We have been beta testing the Rapsodo unit for several months. Following is our evaluation of the location accuracy - using the most recent hardware, firmware and software releases. (same version tested at Driveline).
How accurate is it?
We used our Hack Attack Pitching Machine and HitTrax system to provide the input and comparison measurements for Rapsodo. HitTrax has 3 hi-speed cameras to track the flight of the baseball on the way in (pitch) and way out (hit) using the triangulation method to determine where the baseball is.
Hi-Speed Video analysis has proven HitTrax to be accurate in reporting the location of the pitch. We will use this knowledge in our testing here and not re-confirm with video. Ten 77mph fastballs from the Hack Attack pitching machine were thrown and measured by each system. We have measured several hundred pitches of various types and spot checked the location on many which indicated the unit was in the ballpark but the focus was on determining if the other aspects of the unit were viable (spin rate, spin axis, true spin and movement). This small sample was used to put concrete numbers on location accuracy.
We have a couple of issues with the data that need to be discussed before looking at the results.
First: the strike zone itself and dimensions/location. We have no way to align both systems to have the exact same center point location of the strike zone for vertical and horizontal directions or size of the zone. Therefore, pictorial representations may be off.
Second: each system reports the location as above/below and left/right of a reference point. This reference point is not the same for each system. For HitTrax it’s from the middle/middle location of the strike zone. For Rapsodo, it’s the middle of the strike zone horizontally and appears to be from the bottom of the strike zone vertically (vertical reference point couldn’t be confirmed as of publication).
To address these issues, we used the first pitch as our primary reference point and then measured how far away each pitch was from that reference point. By doing this we are measuring how much each pitch is different from the original pitch for location as measured by each system. We can then compare the two systems to each other as we are looking at the relative relationship of one pitch to the next.
The first 4 columns of data show the difference in location from the first pitch for both systems in the vertical and horizontal directions.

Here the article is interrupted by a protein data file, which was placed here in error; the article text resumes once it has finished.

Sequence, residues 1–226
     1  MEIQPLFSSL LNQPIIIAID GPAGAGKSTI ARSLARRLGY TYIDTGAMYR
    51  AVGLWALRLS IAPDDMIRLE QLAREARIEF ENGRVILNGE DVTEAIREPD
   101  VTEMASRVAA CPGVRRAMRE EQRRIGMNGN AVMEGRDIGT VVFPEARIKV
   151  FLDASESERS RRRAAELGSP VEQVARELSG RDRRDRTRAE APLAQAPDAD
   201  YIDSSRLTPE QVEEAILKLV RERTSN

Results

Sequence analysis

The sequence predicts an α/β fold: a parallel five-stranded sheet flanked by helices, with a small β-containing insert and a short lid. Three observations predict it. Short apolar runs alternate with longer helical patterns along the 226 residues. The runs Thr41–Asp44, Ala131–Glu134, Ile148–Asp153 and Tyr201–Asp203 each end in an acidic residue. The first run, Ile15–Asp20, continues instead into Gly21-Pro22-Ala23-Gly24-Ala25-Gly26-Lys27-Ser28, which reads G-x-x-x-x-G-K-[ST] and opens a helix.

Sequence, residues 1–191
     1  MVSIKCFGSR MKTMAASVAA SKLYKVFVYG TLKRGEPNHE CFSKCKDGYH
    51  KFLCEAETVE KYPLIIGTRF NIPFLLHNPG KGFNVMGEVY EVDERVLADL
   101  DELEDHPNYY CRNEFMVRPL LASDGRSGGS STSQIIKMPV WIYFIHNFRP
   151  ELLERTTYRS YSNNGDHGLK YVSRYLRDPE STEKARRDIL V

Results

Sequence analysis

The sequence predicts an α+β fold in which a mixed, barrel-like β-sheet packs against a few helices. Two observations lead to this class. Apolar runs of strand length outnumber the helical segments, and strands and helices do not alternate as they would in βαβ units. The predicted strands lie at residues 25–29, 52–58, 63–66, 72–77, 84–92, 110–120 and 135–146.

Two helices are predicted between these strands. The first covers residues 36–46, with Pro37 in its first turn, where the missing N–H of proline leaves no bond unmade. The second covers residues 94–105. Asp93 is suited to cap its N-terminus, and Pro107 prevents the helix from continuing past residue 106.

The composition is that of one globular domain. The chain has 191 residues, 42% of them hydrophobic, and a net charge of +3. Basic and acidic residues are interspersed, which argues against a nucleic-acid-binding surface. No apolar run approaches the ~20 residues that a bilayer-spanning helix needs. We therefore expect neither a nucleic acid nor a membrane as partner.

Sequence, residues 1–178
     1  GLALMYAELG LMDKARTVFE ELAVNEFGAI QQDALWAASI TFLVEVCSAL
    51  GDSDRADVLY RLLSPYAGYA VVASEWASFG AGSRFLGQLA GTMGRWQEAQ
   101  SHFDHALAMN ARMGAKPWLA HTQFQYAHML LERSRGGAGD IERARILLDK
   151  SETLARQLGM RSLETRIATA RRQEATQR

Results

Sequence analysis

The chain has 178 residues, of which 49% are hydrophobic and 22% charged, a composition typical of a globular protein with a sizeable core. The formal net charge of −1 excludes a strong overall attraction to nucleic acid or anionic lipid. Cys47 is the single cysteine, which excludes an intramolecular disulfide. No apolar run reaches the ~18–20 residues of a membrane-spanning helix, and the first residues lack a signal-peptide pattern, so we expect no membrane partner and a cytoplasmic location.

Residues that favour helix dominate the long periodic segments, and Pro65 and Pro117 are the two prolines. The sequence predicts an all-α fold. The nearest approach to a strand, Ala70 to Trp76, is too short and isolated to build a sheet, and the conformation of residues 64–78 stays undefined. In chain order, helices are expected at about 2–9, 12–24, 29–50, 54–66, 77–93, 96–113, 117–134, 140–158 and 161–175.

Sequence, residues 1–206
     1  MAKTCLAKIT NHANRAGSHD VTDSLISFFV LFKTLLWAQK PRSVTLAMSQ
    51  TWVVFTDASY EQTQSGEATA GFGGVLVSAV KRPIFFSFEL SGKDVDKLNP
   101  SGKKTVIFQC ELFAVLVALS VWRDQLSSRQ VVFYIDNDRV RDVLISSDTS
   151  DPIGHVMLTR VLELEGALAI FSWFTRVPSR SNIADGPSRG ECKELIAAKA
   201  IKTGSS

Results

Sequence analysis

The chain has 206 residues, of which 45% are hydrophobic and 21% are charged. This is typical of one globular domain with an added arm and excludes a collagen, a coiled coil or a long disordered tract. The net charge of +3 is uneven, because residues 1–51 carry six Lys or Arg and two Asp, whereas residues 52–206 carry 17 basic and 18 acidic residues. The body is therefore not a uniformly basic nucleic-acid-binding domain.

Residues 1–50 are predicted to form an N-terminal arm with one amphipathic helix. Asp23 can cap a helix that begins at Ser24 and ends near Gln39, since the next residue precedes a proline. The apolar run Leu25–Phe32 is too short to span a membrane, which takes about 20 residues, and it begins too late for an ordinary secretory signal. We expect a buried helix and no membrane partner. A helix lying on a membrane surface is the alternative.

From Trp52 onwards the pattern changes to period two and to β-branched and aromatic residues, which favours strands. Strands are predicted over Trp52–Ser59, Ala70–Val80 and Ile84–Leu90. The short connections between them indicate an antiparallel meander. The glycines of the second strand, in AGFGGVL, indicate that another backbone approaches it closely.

The last 2 columns show the systems compared to each other.
The Rapsodo differed from HitTrax on average 1.3” horizontally and 1.8” vertically. The diameter of a baseball is just under 3” so the difference in location is roughly half of a baseball. However, a couple of the pitches differed by more than a baseball vertically.
Only using one camera as compared to three, we didn’t expect the Rapsodo to be as accurate as HitTrax. It turns out to be more accurate
than we expected. Having the catcher’s view with the camera certainly proves to be helpful in this regard.
Here are a couple of pictures from the two systems showing the location of the ten pitches. As you can see, visually they are very similar.
The differences of exact location with respect to the strike zone can be attributed to calibration (user dependent) and the actual dimensions of the different strike zones. The HitTrax strike zone dimensions in this case are 18” wide by 16.4” tall (varies by hitter). I don’t have the Rapsodo dimensions as of this posting.
HitTrax (shows hit speed, since we didn’t swing it all values are zero)
Is half a baseball close enough? Well, that’s really up to you. An error of 1.5" in this environment is reasonable in both a training or game situation; most umpires are not this good.
I would just like to reiterate some of the statements that Kyle made in his post. Rapsodo has been extremely responsive during all of our testing and very appreciative of the feedback. They are a pleasure to work with are very much interested in providing a product that is accurate and reliable. It’s not without it’s issues but I’m confident that not only will they be resolved but new enhancements and features will be added.
Teams and facilities should strongly consider adding this to their programs if they want to provide objective feedback to their players
to aid in their development.
Disclosure: we were provided a unit free of charge in exchange for beta testing and providing feedback to help them bring their product to market.
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